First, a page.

January 17, 2014
Heartache, self-doubt, and dozens of dead ends: job searching is a lot like dating. You put your best foot forward and then you sit by the phone. You lay awake at night, agonizing over what you should have said differently and wondering if there’s another candidate in the picture. You’re pretty sure this is The One…until you’re pretty sure it’s a pyramid scheme.
In the extended metaphor, cover letters are similar to first dates. Both are your first—and sometimes only—chance to make a good impression. Here are some rules that apply to both:
1. Respect Tradition
There’s a reason why bringing flowers, holding doors, and avoiding spinach-based dishes are good policy when it comes to first dates: these are tried and true pearls of wisdom, born of the trial and error of countless single people who have come before you. Likewise, your cover letter should follow some basic traditional conventions (yes, this rules out YouTube videos and origami swans).
Use business letter format (if you don’t know how, look it up), address what job you’re applying for and why you’re a good fit. Refer to your resume but don’t regurgitate it. Use a 12-point, reasonable font on a white sheet of paper. Lose the headshot. Last but absolutely not least, proofread several times before giving it to a friend to proofread again.
Sure, a cover letter printed on a chocolate bar wrapper that looks like Willy Wonka’s golden ticket will garner attention. But stellar writing skills and thoughtful content will earn you the right kind of attention.
2. Butter Them Up
Everyone appreciates a compliment, even employers. It’s always a good strategy to demonstrate to an organization that you’ve at least skimmed their website before applying to their open position. Take that one step further, and mention something specific that you admire about the company. Are you emboldened by their mission statement? Impressed with the profit margin? Encouraged by a commitment to customer service? Be genuine about it, but say so!
3. Meet Them More Than Halfway
Let’s say your date tells you that he’s a vegetarian, and a farm animal activist. Probably a bad idea to follow that up with your favorite turducken recipe.
It’s not true that every job ad has been pored over by the people that will decide who is hired (in fact, many are written by HR and may not accurately portray the position at all.) But, it’s generally the only thing applicants have to go on, which means that some part of your letter should address the skills and experience required. Does the ad mention the ability to manage multiple projects at once? Write about those three successful projects you worked on last year, and how they cultivated your big-picture vision as well as a keen eye for particulars.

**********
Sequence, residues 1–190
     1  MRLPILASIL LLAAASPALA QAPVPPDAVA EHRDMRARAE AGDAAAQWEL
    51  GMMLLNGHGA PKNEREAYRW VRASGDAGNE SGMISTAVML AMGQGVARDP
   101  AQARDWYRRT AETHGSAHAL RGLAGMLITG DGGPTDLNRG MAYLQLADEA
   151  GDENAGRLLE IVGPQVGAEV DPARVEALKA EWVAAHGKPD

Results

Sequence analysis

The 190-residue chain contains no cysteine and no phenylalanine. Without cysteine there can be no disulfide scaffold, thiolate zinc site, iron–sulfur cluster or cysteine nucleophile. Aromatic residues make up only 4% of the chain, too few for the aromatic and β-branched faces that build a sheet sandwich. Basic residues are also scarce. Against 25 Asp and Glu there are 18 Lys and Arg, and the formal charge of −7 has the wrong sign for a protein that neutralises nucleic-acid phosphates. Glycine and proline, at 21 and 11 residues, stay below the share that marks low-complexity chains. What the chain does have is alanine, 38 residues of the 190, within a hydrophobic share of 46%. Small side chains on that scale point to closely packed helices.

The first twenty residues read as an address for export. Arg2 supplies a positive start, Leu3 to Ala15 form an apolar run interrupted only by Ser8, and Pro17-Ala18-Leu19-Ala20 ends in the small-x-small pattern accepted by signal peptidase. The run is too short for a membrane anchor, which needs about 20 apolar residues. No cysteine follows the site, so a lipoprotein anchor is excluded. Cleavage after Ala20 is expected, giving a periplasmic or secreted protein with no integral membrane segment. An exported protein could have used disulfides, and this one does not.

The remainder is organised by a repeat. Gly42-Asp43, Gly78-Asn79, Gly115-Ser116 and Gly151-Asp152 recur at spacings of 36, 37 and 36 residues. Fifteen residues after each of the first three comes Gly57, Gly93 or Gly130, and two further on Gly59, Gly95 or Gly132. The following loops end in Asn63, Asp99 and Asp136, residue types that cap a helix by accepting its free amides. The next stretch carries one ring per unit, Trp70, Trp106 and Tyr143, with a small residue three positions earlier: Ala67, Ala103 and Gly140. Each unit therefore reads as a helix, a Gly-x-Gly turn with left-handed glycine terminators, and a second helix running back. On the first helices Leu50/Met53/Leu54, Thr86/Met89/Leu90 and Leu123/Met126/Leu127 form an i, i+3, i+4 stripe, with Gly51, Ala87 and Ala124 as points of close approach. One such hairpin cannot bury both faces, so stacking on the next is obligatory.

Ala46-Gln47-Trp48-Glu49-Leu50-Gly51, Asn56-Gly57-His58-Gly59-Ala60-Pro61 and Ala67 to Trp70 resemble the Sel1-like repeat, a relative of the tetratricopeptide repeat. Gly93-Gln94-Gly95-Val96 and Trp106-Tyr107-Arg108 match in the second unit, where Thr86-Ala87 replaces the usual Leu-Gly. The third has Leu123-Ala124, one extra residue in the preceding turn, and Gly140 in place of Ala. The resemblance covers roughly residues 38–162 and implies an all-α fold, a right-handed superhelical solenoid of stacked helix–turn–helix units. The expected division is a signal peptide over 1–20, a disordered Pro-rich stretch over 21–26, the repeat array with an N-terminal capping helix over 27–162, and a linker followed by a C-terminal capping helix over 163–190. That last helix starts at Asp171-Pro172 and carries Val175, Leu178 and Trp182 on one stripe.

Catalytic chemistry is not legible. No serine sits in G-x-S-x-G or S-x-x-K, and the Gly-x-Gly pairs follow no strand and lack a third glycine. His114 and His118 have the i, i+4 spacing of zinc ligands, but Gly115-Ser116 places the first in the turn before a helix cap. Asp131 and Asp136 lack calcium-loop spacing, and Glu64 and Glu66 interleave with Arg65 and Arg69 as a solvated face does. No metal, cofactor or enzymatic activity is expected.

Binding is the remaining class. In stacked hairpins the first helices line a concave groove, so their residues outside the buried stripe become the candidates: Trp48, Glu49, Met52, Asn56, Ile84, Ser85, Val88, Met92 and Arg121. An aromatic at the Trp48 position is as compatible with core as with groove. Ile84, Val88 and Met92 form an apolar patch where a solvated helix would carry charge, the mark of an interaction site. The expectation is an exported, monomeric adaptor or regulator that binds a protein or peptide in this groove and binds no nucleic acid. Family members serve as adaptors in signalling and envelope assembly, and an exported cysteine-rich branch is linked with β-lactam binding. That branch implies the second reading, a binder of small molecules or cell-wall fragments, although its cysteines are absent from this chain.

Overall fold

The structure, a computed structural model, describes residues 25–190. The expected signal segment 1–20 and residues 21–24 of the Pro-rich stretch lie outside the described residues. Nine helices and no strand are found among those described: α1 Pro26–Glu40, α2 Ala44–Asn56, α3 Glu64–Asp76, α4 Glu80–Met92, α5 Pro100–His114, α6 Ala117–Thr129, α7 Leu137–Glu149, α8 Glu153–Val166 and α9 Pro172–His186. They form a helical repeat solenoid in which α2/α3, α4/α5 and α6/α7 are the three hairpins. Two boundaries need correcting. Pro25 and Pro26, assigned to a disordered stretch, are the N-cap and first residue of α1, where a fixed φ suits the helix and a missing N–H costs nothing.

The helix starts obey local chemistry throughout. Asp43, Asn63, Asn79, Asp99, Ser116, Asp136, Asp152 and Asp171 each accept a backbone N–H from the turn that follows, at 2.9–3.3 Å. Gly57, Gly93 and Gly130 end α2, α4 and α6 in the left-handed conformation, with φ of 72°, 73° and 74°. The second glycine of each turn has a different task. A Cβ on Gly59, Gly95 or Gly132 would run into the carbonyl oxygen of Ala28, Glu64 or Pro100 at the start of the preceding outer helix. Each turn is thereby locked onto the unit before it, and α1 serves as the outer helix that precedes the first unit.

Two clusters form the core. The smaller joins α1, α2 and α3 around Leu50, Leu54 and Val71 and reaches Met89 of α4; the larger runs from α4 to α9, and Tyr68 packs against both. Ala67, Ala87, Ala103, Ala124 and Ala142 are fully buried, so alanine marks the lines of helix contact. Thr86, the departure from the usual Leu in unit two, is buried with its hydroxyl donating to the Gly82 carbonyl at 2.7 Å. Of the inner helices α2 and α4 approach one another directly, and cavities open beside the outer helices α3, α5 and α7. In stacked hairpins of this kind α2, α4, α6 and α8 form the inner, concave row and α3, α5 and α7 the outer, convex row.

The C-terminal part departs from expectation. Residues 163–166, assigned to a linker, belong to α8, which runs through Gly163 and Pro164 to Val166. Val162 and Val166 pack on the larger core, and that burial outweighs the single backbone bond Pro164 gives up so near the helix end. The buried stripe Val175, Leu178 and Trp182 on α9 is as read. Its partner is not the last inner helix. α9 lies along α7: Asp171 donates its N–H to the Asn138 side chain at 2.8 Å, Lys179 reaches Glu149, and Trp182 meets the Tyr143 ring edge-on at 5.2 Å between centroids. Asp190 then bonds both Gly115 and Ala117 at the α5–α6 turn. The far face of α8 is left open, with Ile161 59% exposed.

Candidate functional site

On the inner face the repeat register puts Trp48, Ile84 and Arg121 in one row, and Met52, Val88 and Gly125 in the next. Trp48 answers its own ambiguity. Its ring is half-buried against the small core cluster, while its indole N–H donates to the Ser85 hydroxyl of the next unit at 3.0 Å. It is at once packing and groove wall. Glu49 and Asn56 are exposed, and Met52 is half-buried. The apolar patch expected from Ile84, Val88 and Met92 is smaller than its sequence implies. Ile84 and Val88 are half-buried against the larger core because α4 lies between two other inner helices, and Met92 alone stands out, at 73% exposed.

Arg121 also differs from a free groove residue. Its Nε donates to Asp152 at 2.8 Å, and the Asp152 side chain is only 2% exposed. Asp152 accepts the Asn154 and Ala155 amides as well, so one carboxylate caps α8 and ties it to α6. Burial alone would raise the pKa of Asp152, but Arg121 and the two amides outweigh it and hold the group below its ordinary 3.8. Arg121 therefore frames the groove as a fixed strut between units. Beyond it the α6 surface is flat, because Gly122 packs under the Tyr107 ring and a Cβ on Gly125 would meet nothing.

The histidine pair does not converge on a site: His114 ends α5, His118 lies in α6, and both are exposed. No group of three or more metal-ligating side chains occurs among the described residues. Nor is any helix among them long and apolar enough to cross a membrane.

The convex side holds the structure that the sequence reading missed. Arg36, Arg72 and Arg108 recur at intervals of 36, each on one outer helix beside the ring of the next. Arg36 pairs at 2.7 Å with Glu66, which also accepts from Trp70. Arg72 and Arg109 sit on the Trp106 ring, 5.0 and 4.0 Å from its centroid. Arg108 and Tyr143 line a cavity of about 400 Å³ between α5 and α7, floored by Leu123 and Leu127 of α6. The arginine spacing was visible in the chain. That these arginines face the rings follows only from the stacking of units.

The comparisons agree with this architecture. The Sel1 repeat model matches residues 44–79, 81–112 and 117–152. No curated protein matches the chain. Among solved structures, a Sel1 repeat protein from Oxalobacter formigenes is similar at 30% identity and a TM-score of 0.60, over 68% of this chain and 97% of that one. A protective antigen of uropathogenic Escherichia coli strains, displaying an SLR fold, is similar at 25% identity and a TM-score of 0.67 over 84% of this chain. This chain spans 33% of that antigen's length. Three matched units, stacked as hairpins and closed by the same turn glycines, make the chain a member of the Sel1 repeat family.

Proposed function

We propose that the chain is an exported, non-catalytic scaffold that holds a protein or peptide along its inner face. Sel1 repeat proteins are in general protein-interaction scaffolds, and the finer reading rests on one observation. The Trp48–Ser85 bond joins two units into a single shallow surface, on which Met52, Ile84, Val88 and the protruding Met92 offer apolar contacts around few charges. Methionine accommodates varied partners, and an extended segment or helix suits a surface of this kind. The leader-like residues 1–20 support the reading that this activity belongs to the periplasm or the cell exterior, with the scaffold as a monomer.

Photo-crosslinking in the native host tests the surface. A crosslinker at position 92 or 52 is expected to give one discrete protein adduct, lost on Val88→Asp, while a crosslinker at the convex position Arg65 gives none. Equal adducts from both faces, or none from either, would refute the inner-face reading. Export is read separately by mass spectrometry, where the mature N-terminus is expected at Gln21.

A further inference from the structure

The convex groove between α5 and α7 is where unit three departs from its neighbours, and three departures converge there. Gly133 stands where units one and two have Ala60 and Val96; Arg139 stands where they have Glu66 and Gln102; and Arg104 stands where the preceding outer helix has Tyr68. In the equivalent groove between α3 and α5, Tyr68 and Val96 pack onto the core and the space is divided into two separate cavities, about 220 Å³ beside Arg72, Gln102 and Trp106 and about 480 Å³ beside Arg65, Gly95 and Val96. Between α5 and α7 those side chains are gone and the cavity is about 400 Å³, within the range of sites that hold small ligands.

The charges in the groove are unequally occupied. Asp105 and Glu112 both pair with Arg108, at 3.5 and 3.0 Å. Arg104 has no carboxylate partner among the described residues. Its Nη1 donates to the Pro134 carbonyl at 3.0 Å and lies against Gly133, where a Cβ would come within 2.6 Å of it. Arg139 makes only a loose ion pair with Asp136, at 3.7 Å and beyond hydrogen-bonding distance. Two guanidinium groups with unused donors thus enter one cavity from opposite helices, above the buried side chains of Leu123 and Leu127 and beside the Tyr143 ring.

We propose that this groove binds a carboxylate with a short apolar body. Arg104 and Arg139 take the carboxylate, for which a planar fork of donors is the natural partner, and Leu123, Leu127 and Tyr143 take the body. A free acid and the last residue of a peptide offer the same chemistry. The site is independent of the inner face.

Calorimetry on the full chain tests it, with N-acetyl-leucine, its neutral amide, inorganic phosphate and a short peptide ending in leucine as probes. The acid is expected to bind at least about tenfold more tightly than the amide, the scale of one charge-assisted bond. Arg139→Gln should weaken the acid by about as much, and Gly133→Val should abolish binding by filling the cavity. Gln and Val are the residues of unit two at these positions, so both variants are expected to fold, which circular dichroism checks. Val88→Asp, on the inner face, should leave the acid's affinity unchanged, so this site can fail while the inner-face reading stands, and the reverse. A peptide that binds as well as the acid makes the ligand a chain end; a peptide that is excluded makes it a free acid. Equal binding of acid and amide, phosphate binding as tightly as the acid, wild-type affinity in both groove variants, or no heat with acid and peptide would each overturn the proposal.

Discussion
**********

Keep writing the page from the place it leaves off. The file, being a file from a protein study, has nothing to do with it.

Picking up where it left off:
This also means that each letter will have to be specific to the position for which you’re applying. But hey, you wouldn’t take that vegetarian to a Brazilian steakhouse, would you? Consideration counts.
4. Don’t Oversell Yourself
The inclination to list every skill you possess and every accomplishment you’re proud of is understandable; the job market breeds desperation. But desperation rarely attracts mates or job offers. Restraint, humility, and substance are qualities that people look for whether they’re seeking a spouse or a colleague.
What does that mean? Keep it to one page and ditch the details about your Pez dispenser collection, how much you can bench press, where you go to church, and how many kids you have.
5. Don’t Be Presumptuous
A lot of people end their cover letter by saying something like: “I will contact your office next week so that we can set up a time to speak about the position.” This is akin to ending a date by saying, “I think we’ve gotten along really well tonight. I will be coming upstairs when we get back to your apartment.” It’s a turnoff, but it’s also indicative of how well you handle boundaries and social norms.
You can’t force your way into an interview. Furthermore, hiring managers are busy people; interrupting their workday is not a winning tactic. They will not be impressed with your tenacity, but they will be annoyed with your presumption.
Another way in which the job search is like looking for love? That for almost all people, eventually—and thankfully—it will end.
Ashley Cook is a Community Employment Associate and Case Manager at a one-stop career center in the Midwest, where she provides services and support to people with employment needs. She is also a freelance writer. You can see more of her work at www.ashleyecook.org.